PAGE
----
Inhibitors of Pancreatic Secretion and Antiproteases in Acute Pancreatitis and Pancreatic Surgery

  • Ezio Caratozzolo
  • Marco Massani
  • Nicolò Bassi
Part of the Updates in Surgery book series (UPDATESSURG)


Acute pancreatitis is a common and potentially life-threatening condition that requires a multidisciplinary team for diagnosis and correct treatment [1]. Although it is one of the most studied conditions in the history of medicine, acute pancreatitis still remains a demanding and dreadful disease. It may be considered as self-digestion of the pancreas, and progress in recent years in our understanding of the pathophysiology has led to some improvement in the diagnosis and outcome for patients suffering from the severe form of the disease [2, 3, 4]. Usually the pancreatic enzymes, in the form of proenzymes, are transported from pancreatic ducts in the duodenum, where they are activated. In acute pancreatitis there is early activation of intracellular zymogens with a complex phenomenon that leads to inflammation and tissue damage [4]. The severe course of the disease is characterized by a systemic inflammatory response that can induce multiorgan failure. Comprehension of this early activation of proenzymes represents the basis from which to understand the disease and develop its treatment [5, 6]. In the assessment of therapy we believe it is essential to distinguish between the acute phase, treatment of the causal factor, and the prevention of pancreatic fistula after surgical resection. This last aspect will form the final part of this chapter.


Acute Pancreatitis Chronic Pancreatitis Pancreatic Fistula Severe Acute Pancreatitis Pancreatic Secretion 
These keywords were added by machine and not by the authors. This process is experimental and the keywords may be updated as the learning algorithm improves.


Unable to display preview. Download preview PDF.

Unable to display preview. Download preview PDF.


  1. 1.
    Cirenei A, Hollender LF (1997) Le pancreatiti acute oggi. Piccin Nuova Libraria, Padua, pp 15–64Google Scholar
  2. 2.
    Nagar AB, Gorlick FS (2004) Acute pancreatitis. Curr Opinion Gastr 20:439–443CrossRefGoogle Scholar
  3. 3.
    Balthazar EJ (2002) Acute pancreatitis: assessment of severity with clinical and CT evaluation. Radiology 223:602–613CrossRefGoogle Scholar
  4. 4.
    Wang ZE, Pan CE, Lu Y et al (2003) The role of inflammatory mediators in severe acute pancreatitis and regulation of glucocorticoids. Hepatobiliary Pancreat Dis Int 2:458–462PubMedGoogle Scholar
  5. 5.
    Hentic, Levy P, Hammel P et al (2003) Are the causes similar for benign and severe forms of acute pancreatitis? Gastroenterol Clin Biol 27:403–406PubMedGoogle Scholar
  6. 6.
    Ghen X, Wu H, Hang X et al (2002) The alteration of inflammatory cytokine during acute pancreatitis. Hua Xi Yi Ke Da Xue Xue Bao 33:238-240Google Scholar
  7. 7.
    Gruppo Italiano AISP (2001) La pancreatite acuta in Italia: studio osservazionale su 1005 pazienti. Press ServiceGoogle Scholar
  8. 8.
    Gruppo Italiano AISP (2004) La pancreatite acuta: storia naturale e terapia medica ragionata In: AISP (ed) Attualità in pancreatologia. AISP, pp 3–12Google Scholar
  9. 9.
    Haraldsen P, Sun SW, Börjesson A et al (2003) Multimodal management: of value in fulminant acute pancreatitis? Pancreatology 3:14–25CrossRefPubMedGoogle Scholar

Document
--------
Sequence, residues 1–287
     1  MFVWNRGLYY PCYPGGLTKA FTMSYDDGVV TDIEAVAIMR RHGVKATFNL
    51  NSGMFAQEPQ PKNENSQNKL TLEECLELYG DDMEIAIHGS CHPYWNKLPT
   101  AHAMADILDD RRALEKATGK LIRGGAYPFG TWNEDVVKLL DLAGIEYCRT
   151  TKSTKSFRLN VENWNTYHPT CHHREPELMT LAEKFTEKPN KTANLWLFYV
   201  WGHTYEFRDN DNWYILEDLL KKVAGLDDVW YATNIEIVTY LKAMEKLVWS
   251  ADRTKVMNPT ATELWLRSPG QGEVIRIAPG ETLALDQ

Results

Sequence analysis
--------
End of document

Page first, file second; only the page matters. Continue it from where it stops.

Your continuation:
10. 10.
    Kitagawa M, Hayakawa T (2007) Antiproteases in the treatment of acute pancreatitis. JOP 8(Suppl):518–525PubMedGoogle Scholar
  11. 11.
    Takeda K (2007) Antiproteases in the treatment of acute necrotizing pancreatitis: continuous regional arterial infusion. JOP 8(Suppl):526–532PubMedGoogle Scholar
  12. 12.
    Pezzilli R, Fantini L, Morsilli-Labate AM (2006) New approaches for the treatment of acute pancreatitis. JOP 7:79–91PubMedGoogle Scholar
  13. 13.
    Kausch W (1912) Das Carcinoma der Papilla duodeni und seine radikale Entfernung. Beitr Klin Chir 78:439–451Google Scholar
  14. 14.
    Whipple AO (1942) Present-day surgery of the pancreas. N Engl J Med 226:515–518CrossRefGoogle Scholar
  15. 15.
    Stojadinovic A, Brooks A, Hoos A et al (2003) An evidence-based approach to the surgical management of resectable pancreatic adenocarcinoma. J Am Coll Surg 196:954–964CrossRefPubMedGoogle Scholar
  16. 16.
    Li-Ling J, Irving M (2001) Somatostatin and octreotide in the prevention of postoperative pancreatic complications and the treatment of enterocutaneous pancreatic fistulas: a systematic review of randomized controlled trials. Br J Surg 88:190–199CrossRefPubMedGoogle Scholar
  17. 17.
    Büchler M, Friess H, Klempa I et al (1992) Role of octreotide in the prevention of postoperative complications following pancreatic resection. Am J Surg 163:125–130CrossRefPubMedGoogle Scholar
  18. 18.
    Büchler M, Friess H (1993) Prevention of postoperative complications following pancreatic surgery. Digestion 54(Suppl):41–46PubMedGoogle Scholar
  19. 19.
    Klempa L, Schwedes U, Usadel KH (1979) Verhütung von postoperativen pankreatischen Komplikationen nach Duodenopankreatekomie durch Somatostatin. Chirurgie 50:427–431Google Scholar
  20. 20.
    Lambert SWJ, Van Der Lely AJ, De Herder WW et al (1996) Octreotide. N Engl J Med 334:246–254CrossRefGoogle Scholar
  21. 21.
    Yeo CJ, Cameron JL, Maher MM et al (1995) A prospective randomized trial of pancreaticogastrostomy versus pancreaticojejunostomy after pancreaticoduodenectomy. Ann Surg 222:580–588PubMedGoogle Scholar

Copyright information

© Springer-Verlag Italia 2009

Authors and Affiliations

  • Ezio Caratozzolo
    • 1
  • Marco Massani
    • 1
  • Nicolò Bassi
    • 1
  1. 1.4th Division of Surgery, Regional Reference Center of Hepato-Biliary-Pancreatic SurgeryRegional Hospital Ca’ FoncelloTrevisoItaly

Personalised recommendations